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Casey: U.S. Could be at War Another Decade

Army Chief of Staff Gen. George Casey, right, and Army Secretary John McHugh, testify on Capitol Hill in Washington, Tuesday, Feb. 23, 2010, before the the Senate Armed Services Committee. (AP Photo/Lauren Victoria Burke) AP Photo/Lauren Victoria Burke

Updated July 10 at 2:52 p.m. ET

General George Casey, the Chief of Staff of the Army, said today the United States could face another "decade or so" of persistent conflict in Iraq and Afghanistan.

In two months, the U.S. will have been at war in Afghanistan for nine years.

The four-star general said the U.S. military moved beyond conventional warfare in Iraq and Afghanistan "long ago," and that the focus is now on the people. Casey highlighted job, education and economic growth as essential to success in Iraq and Afghanistan.

When asked if enemies of the U.S. have to be a part of the reconciliation process for it to be considered a success, Casey said that is a "matter of debate," but that enemies have to be convinced they will lose.

In a follow-up statement to CBS News, a spokesperson for Gen. Casey, Lt. Col. Rich Spjegel, said that "General Casey was speaking of the types of conflict we will be fighting for a decade or so. He did not, nor did he intend to, imply that we would be fighting in Iraq or Afghanistan for 10 more years."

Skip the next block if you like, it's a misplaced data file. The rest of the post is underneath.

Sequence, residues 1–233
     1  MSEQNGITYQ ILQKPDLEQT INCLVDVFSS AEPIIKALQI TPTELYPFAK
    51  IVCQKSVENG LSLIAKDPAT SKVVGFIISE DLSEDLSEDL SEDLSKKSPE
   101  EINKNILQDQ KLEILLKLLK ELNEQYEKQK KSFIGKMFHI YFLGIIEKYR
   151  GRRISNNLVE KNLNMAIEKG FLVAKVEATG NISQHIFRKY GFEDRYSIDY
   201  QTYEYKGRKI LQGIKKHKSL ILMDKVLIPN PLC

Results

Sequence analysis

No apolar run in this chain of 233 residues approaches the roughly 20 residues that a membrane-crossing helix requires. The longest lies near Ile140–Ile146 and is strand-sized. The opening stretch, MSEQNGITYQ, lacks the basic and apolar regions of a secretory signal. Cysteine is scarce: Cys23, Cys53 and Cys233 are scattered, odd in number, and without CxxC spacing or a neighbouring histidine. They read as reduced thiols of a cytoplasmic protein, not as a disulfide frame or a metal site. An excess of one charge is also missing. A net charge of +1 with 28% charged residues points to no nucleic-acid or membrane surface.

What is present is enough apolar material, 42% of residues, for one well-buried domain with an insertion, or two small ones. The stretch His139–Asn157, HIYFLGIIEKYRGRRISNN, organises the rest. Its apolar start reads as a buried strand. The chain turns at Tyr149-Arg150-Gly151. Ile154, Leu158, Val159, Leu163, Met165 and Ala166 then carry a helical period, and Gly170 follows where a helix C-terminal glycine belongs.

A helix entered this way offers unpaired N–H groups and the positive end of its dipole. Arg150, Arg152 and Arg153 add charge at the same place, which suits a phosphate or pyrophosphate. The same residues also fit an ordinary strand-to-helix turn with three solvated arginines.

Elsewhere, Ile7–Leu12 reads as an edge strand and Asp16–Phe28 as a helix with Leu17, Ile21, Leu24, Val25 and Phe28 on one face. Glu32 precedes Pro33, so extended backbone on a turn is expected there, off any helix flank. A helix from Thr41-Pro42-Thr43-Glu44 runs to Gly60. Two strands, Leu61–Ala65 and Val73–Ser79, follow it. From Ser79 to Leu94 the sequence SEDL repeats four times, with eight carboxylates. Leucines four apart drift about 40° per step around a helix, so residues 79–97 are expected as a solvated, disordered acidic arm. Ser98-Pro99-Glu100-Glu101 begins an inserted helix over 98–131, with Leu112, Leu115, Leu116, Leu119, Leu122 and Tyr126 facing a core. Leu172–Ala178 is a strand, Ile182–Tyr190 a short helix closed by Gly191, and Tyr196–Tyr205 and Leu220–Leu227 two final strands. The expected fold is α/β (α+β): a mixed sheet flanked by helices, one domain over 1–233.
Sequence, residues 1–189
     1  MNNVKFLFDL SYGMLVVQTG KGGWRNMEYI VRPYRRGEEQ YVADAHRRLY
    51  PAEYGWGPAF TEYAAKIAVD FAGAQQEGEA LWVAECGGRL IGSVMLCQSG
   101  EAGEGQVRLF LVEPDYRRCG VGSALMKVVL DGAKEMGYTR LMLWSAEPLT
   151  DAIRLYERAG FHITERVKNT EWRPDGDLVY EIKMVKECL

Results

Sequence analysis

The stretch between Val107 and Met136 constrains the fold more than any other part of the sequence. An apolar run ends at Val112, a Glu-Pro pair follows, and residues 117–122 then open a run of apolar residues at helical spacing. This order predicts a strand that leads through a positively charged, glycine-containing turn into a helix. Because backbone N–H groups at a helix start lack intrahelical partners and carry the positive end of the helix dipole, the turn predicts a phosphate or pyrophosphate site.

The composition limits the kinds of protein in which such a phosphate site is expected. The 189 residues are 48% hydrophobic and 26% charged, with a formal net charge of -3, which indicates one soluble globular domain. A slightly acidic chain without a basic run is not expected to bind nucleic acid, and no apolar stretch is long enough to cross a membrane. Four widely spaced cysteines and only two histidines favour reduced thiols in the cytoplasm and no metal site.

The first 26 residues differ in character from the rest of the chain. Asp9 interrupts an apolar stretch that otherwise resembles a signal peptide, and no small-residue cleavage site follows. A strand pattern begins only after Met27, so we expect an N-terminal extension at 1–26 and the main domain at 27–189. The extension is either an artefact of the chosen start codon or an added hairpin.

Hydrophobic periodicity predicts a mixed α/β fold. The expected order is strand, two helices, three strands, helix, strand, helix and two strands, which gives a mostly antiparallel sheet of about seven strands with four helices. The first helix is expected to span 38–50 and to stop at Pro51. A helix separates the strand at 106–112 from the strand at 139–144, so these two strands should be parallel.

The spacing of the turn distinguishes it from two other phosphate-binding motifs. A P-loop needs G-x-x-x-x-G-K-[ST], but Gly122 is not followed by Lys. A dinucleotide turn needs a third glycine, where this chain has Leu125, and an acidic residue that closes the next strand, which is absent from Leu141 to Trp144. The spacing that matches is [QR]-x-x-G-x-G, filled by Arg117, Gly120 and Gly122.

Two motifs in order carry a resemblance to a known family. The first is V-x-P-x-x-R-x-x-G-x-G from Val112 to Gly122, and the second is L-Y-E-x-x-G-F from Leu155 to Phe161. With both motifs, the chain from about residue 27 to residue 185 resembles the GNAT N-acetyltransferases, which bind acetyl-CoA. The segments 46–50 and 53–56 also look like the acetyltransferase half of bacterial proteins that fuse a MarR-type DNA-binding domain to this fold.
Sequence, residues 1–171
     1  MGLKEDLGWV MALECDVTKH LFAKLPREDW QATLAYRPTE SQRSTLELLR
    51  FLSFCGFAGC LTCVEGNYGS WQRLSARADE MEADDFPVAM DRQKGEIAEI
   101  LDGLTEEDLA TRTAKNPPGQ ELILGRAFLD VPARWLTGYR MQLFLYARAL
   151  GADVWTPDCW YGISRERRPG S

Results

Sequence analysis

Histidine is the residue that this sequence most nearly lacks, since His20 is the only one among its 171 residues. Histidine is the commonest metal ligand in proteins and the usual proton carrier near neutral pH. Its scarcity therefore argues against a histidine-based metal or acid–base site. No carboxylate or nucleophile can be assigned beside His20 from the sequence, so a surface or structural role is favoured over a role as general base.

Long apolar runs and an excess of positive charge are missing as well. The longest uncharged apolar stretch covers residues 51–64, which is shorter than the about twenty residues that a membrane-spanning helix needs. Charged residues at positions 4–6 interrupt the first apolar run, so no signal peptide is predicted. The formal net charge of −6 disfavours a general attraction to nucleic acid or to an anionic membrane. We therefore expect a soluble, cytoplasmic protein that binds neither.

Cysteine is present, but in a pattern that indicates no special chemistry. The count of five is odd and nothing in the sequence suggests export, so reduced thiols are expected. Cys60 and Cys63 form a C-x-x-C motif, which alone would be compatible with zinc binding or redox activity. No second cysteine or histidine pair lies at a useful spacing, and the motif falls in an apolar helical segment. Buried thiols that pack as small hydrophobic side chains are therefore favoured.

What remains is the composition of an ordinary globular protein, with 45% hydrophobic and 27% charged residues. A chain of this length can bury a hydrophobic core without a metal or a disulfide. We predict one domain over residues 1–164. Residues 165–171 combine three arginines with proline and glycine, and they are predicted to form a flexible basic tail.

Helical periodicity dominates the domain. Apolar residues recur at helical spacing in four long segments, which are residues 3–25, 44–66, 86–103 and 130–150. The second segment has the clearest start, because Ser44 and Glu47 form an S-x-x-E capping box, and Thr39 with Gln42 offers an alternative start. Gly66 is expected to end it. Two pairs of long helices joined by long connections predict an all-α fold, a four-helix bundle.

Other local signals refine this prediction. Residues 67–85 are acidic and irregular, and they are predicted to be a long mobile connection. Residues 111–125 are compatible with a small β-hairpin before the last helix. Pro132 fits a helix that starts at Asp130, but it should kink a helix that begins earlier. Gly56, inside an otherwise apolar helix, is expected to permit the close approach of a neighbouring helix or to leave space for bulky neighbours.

The general's comments were made at a session moderated by the New York Times' David Sanger at the Aspen Institute's Ideas Festival. Former Secretary of Homeland Security Michael Chertoff was in the audience and his wife Meryl Chertoff, the Institute's Co-Director of Justice and Society Programs, introduced Casey.

To view a video of the Aspen Institute's discussion on "Our 21st-Century Army" click here.

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